All eyes were on Chicago Tuesday as the future of same-sex marriage in Wisconsin lies in the hands of a three-judge panel with the U.S. Circuit Court of Appeals.
For 20 minutes Tuesday morning, Wisconsin's attorney general defended the state's ban on same-sex marriage after a judge ruled it unconstitutional in June.
Ever since the U.S. Supreme Court ruled the Defense of Marriage Act as unconstitutional, many judges have overturned states ban on same-sex couples, which has led to several appeal cases similar to the one Wisconsin is involved in now.
However, many are hopeful because there hasn't been a federal court yet that hasn't sided with the district court’s decision.
"I didn't think I would ever get married,” said Mary O’Sullivan of La Crosse.
O'Sullivan has been with her partner for more than three decades
"Thirty-one years, so don't you think it's about time?” said O’Sullivan.
Last week, O’Sullivan wedded the love of her life in Minnesota. If you would have told O’Sullivan that marriage changes things, she would be the first to deny it.
"Nobody could make me more married than I was on Friday of last week,” said O’Sullivan.
But little, by little she is noticing a difference.
"For the whole last week, I find myself walking around smiling for no reason. Well, smiling because I'm so happy,” said O’Sullivan.
But her happiness was short-lived because her marriage is not recognized in the state of Wisconsin.
"We talked about moving, just moving to La Crescent, we even looked at houses in La Crescent, and then as we watched what has happening on the political stage, we figured that things would happen really quickly in Wisconsin,” said O’Sullivan.
On Tuesday, the 7th District U.S. Circuit Court of Appeals in Chicago heard oral arguments from Wisconsin's attorney general and others defending the states' ban on same-sex marriage.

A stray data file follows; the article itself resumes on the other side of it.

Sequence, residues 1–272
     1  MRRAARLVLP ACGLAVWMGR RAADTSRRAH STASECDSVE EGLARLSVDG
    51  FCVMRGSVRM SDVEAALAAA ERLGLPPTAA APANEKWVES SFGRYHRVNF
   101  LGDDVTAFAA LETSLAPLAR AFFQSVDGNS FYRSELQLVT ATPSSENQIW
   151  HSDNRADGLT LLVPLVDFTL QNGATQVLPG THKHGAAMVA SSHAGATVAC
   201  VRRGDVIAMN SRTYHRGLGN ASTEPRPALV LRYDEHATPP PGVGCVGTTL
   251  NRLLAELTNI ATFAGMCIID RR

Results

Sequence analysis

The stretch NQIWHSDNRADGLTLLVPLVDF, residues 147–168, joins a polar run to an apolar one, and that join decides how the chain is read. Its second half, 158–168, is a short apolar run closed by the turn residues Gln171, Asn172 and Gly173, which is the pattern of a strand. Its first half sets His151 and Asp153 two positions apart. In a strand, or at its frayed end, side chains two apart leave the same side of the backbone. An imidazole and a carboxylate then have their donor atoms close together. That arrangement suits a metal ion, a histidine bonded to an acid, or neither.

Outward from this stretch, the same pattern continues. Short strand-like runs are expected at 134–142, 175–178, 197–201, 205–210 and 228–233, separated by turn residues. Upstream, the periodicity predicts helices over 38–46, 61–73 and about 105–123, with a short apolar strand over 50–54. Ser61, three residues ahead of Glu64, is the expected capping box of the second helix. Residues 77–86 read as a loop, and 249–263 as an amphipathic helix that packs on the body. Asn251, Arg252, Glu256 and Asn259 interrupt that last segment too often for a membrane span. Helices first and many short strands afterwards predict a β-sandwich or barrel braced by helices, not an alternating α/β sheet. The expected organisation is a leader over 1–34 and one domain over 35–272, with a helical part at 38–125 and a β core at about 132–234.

"I think we missed some important points in there. I think we missed the fundamental reality that every child who is born in forever has both a mother and a father," said Julaine Appling, president of Wisconsin Family Council.
Wisconsin Gov. Scott Walker said it's the state's duty.
"When the attorney general and I take the oath of office, part of that oath is to support the constitution of the state of Wisconsin,” said Walker.
Although a decision has taken longer than expected, O’Sullivan is holding out for La Crosse.
"I am ever the optimist and I think Chicago will come down in our favor,” said O’Sullivan.
Because O’Sullivan said marriage does change everything.
"It just makes us feel a little bit more of the community, even if the state hasn't gotten it yet, the people have gotten it,” said O’Sullivan.
If the court of appeals upholds Wisconsin Judge Barbara Crabb's ruling in June, same-sex marriage will be legal in Wisconsin. If it is not upheld, it will most likely go to the U.S. Supreme Court.
Same-sex marriage is currently legal in 19 states, as well as the District of Columbia.